St Croix Flowage Critical Habitat Designation This is a summary of the St Croix Flowage Critical Habitat Designation Reort, prepared by Alex Smith, Northern Region Critical Habitat Coordinator for the DNR. An increase in shoreline development over the past 30 years has changed lake ecosystems affecting habitat and water quality. The Critical Habitat Designation program includes formal designations of areas considered important to fish and wildlife.
There are three categories:
- sensitive areas
- public rights features
- resource protection areas
The designations serve four primary purposes:
- Resource protection through science based regulatory review.
- Community-based resource protection through community education, planning, and zoning.
- A guide to land trusts and individuals acquiring land and conservation easements.
- A mechanism to track long-term changes in these habitats.
General Lakewide Recommendations
Permanent Land Protection. Tools include: land acquisition, conservatin easements, and mutual covenants. Much of the Flowage is already in County ownership.
Shoreland Restoration. Leave natural shorelines undisturbed in accordance with local shoreland zoning rules. If the shoreline buffer does not exist or is disturbed, it should be replanted with native vegetation.
Runoff Control. Tools include rainwater gardens, rain barrels, infiltration pits and trenches, grass swales.
Septic Systems. Inspect and maintain septic systems to prevent excess nutrient addition while protecting present water quality conditions.
In-Lake Habitat Protection. The Flowage contains many areas where boat traffic is directed to protect safety and habitat. In general, native aquatic plants should not be actively managed (no raking, herbicide use, or mechanized removal), and will require a permit for manual removal and chemical control.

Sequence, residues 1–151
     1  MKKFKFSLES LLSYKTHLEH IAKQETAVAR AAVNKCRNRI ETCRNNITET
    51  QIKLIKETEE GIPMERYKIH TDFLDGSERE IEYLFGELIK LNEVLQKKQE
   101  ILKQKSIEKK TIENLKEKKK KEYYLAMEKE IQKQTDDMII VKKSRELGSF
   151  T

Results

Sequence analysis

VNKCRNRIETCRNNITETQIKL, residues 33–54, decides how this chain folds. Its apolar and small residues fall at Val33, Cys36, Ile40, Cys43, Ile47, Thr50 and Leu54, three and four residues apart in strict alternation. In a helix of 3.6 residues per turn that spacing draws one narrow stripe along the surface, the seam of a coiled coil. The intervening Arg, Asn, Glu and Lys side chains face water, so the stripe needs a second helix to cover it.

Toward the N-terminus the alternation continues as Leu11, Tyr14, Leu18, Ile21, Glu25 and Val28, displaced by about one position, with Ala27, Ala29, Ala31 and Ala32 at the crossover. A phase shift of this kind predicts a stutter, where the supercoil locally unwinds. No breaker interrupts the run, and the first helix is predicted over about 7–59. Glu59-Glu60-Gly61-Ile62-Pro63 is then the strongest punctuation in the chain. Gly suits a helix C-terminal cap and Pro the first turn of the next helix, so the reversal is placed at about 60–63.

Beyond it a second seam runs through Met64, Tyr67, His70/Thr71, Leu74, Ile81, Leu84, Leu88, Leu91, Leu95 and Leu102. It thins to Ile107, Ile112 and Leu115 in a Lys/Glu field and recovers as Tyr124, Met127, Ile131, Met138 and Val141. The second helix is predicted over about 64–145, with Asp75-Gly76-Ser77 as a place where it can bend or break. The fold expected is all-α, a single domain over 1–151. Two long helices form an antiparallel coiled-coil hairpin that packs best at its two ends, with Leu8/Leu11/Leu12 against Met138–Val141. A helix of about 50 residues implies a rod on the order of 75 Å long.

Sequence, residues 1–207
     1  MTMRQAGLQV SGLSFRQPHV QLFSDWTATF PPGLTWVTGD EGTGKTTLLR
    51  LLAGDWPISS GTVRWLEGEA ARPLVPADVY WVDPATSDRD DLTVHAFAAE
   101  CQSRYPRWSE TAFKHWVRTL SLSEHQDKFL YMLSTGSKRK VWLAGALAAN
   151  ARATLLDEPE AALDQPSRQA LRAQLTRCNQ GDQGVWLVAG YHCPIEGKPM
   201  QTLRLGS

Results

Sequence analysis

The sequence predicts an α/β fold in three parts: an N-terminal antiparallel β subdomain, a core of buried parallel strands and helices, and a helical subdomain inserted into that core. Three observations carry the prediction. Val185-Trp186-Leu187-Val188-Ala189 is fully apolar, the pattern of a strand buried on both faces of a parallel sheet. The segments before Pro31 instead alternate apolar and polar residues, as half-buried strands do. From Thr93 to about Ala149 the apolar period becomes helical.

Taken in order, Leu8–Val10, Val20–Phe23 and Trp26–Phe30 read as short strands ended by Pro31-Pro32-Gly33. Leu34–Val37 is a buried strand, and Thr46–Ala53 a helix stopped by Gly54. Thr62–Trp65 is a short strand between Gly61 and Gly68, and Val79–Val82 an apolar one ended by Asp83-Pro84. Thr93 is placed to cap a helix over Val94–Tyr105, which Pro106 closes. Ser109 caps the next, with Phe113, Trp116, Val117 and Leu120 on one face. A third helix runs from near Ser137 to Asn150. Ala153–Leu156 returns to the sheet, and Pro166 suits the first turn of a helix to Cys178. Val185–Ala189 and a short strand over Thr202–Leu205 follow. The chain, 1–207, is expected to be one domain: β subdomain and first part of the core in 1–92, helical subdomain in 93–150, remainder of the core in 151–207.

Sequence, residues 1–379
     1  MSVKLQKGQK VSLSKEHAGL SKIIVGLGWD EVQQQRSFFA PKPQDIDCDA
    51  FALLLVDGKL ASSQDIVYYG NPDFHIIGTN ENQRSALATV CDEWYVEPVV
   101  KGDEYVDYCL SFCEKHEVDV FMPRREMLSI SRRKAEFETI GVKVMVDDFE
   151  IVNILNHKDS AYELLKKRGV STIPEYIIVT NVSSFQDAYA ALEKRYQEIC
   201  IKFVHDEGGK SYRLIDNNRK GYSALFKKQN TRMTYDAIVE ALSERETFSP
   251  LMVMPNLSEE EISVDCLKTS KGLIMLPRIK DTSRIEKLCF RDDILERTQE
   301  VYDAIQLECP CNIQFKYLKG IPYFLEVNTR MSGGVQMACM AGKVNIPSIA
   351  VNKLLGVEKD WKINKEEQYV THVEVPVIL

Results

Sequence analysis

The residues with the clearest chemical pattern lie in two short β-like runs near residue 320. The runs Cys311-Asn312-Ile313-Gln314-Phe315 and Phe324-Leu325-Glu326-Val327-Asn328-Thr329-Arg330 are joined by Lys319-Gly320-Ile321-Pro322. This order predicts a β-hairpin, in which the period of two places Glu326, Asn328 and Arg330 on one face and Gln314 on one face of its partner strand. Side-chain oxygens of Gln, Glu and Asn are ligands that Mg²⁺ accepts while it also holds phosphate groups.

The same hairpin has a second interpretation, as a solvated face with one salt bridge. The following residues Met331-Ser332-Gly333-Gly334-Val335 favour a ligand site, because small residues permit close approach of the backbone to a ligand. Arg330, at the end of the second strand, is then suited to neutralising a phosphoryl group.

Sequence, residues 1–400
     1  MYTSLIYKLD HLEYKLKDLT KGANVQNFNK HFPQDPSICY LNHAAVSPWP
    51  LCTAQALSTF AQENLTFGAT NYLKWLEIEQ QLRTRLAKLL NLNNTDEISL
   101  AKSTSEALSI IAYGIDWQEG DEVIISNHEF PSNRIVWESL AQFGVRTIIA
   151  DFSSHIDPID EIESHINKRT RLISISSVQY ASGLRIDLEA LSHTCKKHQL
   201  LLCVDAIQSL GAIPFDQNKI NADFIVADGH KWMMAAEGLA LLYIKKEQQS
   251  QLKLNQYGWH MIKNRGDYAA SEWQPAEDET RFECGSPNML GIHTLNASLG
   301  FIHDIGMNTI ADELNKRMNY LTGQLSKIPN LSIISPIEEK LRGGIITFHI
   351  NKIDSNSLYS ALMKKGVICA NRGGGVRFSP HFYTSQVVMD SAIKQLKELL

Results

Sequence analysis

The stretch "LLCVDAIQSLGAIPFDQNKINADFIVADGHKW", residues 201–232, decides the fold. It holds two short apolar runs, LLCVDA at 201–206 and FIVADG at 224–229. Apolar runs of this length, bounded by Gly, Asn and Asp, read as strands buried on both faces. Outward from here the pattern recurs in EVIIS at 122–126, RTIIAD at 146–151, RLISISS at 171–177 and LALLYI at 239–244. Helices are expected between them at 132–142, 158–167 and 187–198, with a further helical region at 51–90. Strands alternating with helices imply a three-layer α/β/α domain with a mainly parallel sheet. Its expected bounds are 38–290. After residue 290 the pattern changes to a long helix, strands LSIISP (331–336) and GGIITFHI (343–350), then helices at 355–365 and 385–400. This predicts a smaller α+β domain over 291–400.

Specific Lakewide Recommendations
Management actions recommended for all of the St Croix Flowage include protecting Ceratophyllum echinatum (Spiny hornwort), a rare aquatic plant species found throughout the Flowage. Continue to aggressively manage the isolated Eurasian water milfoil population and monitor other aquatic invasive species.
Specific Site Recommendations
Management actions are specific to the site ans supersede general lakewide recommendations if explicitly stated. One area on the St Croix Flowage is designated as Critical Habitat for a total of 3596 acres (see Tables 1 and 2).
It is classified as Sensitive Areas for submerged aquatic plants, rushes, emergent and floating leaf aquatic plants, and extensive reparian wetlands. St Croix Flowage Critical Habitat Area 1 The St Croix Flowage Critical Habitat Area is designated a Sensitive Area because of its Submerged Aquatic Vegetation Important to Fish and Wildlife Habitat, Emergent and Floating Leaf Vegetation, Bulrush Beds, and Extensive Riparian Wetland. It is 3596 acres in size which includes most of the Flowage and the extensive riparian wetland areas that adjoin the Flowage (see map below).
Management RecommendationsDo not actively manage aquatic plants with the exception of continued control of Eurasian Water Milfoil. Monitor curlyleaf pondweed. Continue watercraft inspection projects at public landings to ensure AIS are not transferred into or from the Flowage. Buffers and overhanging vegetation, bog fringe and floating, emergent and submersed aquatic plants should be left alone. Do not remove rush beds. Place piers outside of rushes, or where possible, extend thepiers beyond the rushes for boat mooring. Extensive wild rice beds are located in this area and because of their importance as wildlife habitat and seasonal use by several fish species should be left undisturbed. Table 3 shows the inventory of aquatic plants in the St Croix Flowage Critical Habitat Area.